MPs have raised serious concerns about the impact and purpose of the Careers and Enterprise Company.
One member of the Commons Education Select Committee claimed that it had been described as a “woeful waste of public money”, and said the performance of the organisation, which has an annual budget of almost £19 million, was questionable.
CEC’s chief executive, Claudia Harris, and chair, Christine Hodgson, faced robust questioning from the committee this morning, during a hearing which discussed careers guidance and delivery of the government’s careers strategy.
MPs repeatedly raised concerns about what evidence the CEC had to prove its effectiveness. In response to statistics about the number of “encounters” between students and employers that the CEC had facilitated, members of the committee called for hard data demonstrating the impact of these encounters.
Committee chair Robert Halfon said he “cannot understand” why the company did not have “proper measurements” to demonstrate its effectiveness. “You may be doing a huge amount, but no one knows,” he added.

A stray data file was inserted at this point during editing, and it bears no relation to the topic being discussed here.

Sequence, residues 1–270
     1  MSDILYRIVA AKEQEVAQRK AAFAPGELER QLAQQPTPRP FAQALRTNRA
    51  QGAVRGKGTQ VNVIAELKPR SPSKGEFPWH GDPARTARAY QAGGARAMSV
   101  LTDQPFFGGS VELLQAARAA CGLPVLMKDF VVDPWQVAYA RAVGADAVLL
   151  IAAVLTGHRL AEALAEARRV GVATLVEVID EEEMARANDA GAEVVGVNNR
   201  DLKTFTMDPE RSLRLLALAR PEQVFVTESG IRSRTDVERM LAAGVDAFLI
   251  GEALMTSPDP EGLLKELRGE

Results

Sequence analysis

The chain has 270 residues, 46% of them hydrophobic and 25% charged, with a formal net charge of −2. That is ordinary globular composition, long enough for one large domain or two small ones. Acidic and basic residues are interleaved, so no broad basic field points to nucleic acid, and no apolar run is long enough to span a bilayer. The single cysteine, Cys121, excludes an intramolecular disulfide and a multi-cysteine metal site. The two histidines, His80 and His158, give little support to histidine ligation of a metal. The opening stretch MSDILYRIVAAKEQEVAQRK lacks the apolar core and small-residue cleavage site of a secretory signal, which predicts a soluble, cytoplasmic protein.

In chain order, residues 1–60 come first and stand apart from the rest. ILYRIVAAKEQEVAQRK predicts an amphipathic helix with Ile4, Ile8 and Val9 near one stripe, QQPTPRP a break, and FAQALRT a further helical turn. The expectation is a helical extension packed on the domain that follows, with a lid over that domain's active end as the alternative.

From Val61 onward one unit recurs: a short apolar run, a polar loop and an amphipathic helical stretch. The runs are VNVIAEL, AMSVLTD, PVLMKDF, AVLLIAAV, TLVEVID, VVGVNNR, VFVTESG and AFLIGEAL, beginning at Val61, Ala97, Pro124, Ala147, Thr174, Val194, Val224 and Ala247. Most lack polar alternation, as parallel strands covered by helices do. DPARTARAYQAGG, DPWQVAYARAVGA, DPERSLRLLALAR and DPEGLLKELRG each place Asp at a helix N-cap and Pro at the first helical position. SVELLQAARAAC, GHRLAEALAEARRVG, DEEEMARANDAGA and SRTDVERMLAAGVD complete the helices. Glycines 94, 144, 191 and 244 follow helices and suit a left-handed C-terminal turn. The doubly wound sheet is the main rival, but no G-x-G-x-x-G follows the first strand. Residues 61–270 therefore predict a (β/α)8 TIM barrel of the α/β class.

MP Lucy Powell criticised the “enormous” advertised salaries on offer at the CEC, citing examples of a chief marketing officer for £100,000, and a head of research receiving £60-70,000.
In response, Ms Harris said the organisation was “very careful” to control its costs.
Ms Powell also raised concerns about the remit of the CEC, suggesting that it had been asked to do “too many extra things” by the government, adding: “People don’t know what you’re doing.”
“I don't think you can convey what your impact is and what your purpose is,” she continued.
Ms Hodgson told the committee that its national network of “enterprise coordinators” connects clusters of schools and colleges with employers and careers programmes, and that it had received “plenty of positive feedback”.
But Ms Powell said one local enterprise partnership official had told the committee that the service was a “woeful waste of public money”.
Ms Powell added: “It feels to me like the government has given you these extra things to deliver for it, and you’re not actually in a position to do that properly because you’ve not got the experience and the central know-how to do that.”
Ms Harris said that, among the schools it had worked with that were surveyed, 80 per cent said the network was effective, and 80 per cent of employers “want to continue working with it”.